If you find yourself facing the challenge of your child refusing to sleep in their own bed, take comfort in the fact that you are far from alone. Perhaps you began co-sleeping intentionally or the arrangement came about as a reaction to any number of circumstances. However the situation began, some experts suggest that by the time a child is in elementary school they can reap many benefits from sleeping in their own bed.
The process of transitioning from the family bed to the individual one can be daunting, but keeping some simple tips in mind can help make that process a little smoother for everyone.
Talk With Your Child About Upcoming Changes
Set aside some time to explain to your child that sleeping arrangements are going to be changing and what they can expect to happen. Be honest with your child, but avoid going into the minute details that may cause your child to feel anxious about the process. A positive and confident attitude on your part can help ease your child’s worries and provide reassurance that the transition is in everyone’s best interest.
Encourage Positive Associations With Bedtime
Creating a peaceful and calming atmosphere in your child’s room can help promote feelings of safety and restfulness. Spending extra time talking, reading, singing or snuggling can help ease your child into bedtime and reassure them you still love being with them even if you won’t be sleeping together anymore. Your child can choose a special toy to be their bedtime buddy, or the family pet could become their roommate. A gentle nightlight may be helpful if your child is afraid of the dark, and soft music may help lull your child to sleep.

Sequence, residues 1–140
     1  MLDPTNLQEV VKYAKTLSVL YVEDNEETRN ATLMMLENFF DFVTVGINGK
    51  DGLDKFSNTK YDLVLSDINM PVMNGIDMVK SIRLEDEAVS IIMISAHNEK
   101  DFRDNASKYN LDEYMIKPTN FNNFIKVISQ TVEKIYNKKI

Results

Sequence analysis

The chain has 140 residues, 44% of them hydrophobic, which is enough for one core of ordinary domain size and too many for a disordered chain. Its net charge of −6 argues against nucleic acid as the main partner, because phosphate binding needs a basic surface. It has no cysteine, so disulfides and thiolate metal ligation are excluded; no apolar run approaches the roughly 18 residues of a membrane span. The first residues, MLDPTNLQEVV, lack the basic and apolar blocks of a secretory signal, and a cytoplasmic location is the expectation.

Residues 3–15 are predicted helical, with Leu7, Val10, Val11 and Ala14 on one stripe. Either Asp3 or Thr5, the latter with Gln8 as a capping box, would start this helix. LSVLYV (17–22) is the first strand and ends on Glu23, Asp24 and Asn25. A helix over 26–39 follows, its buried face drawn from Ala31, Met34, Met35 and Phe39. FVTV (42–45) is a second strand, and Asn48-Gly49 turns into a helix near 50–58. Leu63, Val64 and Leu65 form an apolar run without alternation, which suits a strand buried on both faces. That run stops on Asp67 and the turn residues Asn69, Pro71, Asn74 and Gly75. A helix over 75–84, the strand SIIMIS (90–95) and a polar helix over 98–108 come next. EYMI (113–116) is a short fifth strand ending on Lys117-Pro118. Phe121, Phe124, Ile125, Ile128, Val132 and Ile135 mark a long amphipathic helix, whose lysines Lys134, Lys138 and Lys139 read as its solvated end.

Follow a Consistent Approach
In all likelihood, the process for your child to transition to spending the entire night in their own bed will take some time. There may be some middle-of-the-night whispers from the doorway or appearances at your bedside. When these happen, calmly and quietly return your child to their bed. Tears and arguing may ensue, and it may seem easier to simply give your child what they want so everyone can at least get a little sleep. However, investing the time and effort is worth it. With a consistent and calm response from you, your child will eventually learn that the new rules are here to stay.
Even if your child doesn’t have a perfect night, focus on the positive and reward all progress. Even small attempts should be recognized and encouraged. Some children may respond well to inexpensive toys or other small items, while other children prefer a sticker reward chart. Whichever system you choose to use, the most important aspect is to ensure your child knows their efforts are being noticed and applauded.